Thursday, August 01, 2013

Boston Marathon Bombing Showcases Tankless Martial Law

When governments want to show their power to the people, they usually roll in the tanks. Think Tiananmen Square. Or the Soviets in eastern Europe. In America, some fear-mongering activists relentlessly predict the federal government is about to roll in the tanks, declare martial law, dissolve Congress and take control of every city from New York to Los Angeles. They point to the DHS purchases of armored fighting vehicles by the thousands and of literally billions of hollow point bullets described here. They point to the expansion of the TSA from airports to random roads, bridges, trains and elsewhere as described here to show they're preparing to confine people to their homes or at least restrict their movements. They point to unconstitutional laws such as the National Defense Authorization Act (NDAA), which guts the Bill of Rights, and the executive order allowing the feds to confiscate our food, water and other resources - including our physical labor - in times of emergency, as described here.
American citizens were "voluntarily" removed from their homes
after the Boston Marathon bombing.

But from a look at how events unfolded after the Boston Marathon bombing, it seems these tin foil hat types may have little to fear from tanks. The fact is, the government operated in Boston with the impunity of a formal martial law declaration by simply asking for a voluntary, shelter-in-place lockdown. "Please go home where you'll be safe..." And how they listened!  It turns out that when people in the federal government decide to declare martial law, they won't have to roll in the tanks, nor will they need the TSA to blockade every city in the country. They can simply ask for a voluntary lockdown for seemingly any reason from an impending snowstorm or the arrival of a presidential motorcade to a rabid dog on the loose or potentially dangerous sunspots. The people have demonstrated they will largely go to their homes and stay there until told the coast is clear.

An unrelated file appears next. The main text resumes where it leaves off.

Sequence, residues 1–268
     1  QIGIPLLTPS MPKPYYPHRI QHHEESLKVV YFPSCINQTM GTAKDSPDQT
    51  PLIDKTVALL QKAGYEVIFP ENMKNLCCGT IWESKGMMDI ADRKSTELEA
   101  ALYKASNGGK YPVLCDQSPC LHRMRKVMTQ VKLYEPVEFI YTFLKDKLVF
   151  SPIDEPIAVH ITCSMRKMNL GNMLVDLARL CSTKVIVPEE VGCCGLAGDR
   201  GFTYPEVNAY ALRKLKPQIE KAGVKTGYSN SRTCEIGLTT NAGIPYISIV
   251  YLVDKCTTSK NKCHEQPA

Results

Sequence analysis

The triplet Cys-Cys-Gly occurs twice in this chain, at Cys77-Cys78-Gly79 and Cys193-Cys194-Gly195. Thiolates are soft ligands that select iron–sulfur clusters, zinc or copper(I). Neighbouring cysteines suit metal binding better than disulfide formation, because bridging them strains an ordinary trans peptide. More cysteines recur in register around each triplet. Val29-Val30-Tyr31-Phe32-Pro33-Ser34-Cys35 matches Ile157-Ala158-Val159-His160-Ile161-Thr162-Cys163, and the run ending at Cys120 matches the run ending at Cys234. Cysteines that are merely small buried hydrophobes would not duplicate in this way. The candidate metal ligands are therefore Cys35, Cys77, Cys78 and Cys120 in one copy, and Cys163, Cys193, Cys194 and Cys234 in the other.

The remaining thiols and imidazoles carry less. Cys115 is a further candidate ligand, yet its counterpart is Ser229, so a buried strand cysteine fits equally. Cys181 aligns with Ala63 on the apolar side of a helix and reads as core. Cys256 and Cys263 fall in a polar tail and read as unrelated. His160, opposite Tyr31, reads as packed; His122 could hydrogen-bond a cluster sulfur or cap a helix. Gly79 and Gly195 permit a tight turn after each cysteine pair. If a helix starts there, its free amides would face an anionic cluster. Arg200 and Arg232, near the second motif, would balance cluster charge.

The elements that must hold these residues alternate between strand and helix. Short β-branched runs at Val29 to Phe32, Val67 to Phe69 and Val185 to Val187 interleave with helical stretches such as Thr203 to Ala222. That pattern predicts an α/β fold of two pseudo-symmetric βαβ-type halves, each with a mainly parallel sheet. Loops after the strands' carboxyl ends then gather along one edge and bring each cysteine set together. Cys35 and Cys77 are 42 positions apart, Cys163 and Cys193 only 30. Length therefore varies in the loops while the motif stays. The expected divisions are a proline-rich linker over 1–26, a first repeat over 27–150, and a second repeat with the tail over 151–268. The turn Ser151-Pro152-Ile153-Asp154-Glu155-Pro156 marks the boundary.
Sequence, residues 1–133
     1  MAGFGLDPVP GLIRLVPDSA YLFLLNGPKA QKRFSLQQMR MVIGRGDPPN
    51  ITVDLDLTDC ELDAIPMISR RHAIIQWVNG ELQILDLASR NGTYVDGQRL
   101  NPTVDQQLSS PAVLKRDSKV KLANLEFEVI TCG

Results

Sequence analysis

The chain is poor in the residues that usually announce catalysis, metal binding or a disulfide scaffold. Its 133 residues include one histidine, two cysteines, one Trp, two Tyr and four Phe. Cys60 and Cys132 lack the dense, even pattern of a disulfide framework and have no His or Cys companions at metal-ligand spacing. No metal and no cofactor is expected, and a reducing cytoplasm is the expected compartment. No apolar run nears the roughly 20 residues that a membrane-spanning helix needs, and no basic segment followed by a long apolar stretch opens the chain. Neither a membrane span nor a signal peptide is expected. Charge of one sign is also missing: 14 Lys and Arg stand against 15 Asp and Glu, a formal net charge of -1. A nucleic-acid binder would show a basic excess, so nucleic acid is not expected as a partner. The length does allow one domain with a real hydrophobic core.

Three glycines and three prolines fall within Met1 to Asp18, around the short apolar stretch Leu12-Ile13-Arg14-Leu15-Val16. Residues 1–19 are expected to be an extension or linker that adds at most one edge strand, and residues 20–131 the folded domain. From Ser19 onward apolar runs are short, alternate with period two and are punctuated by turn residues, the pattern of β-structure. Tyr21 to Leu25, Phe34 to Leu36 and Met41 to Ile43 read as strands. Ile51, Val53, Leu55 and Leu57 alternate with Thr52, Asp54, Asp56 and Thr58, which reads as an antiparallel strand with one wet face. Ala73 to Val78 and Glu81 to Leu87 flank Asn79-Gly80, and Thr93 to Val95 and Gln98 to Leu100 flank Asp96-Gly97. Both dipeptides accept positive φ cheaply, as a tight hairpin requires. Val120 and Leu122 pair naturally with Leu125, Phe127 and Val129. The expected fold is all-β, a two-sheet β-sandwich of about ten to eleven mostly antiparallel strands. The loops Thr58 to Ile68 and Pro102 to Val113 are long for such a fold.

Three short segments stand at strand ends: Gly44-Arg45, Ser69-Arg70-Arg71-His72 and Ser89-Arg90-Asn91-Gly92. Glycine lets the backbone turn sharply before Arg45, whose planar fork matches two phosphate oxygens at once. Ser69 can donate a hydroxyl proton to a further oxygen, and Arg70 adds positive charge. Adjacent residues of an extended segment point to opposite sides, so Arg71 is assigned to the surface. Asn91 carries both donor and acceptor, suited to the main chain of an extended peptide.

So, no worries about a rolling show of shock and awe on your neighborhood streets - it's quicker and easier to simply ask the people to go home and watch TV. Yet there are a number of questions about the Boston Marathon bombing investigation that weren't asked on TV. See these 12 unanswered questions.

 Photo courtesy Poor Richards News.


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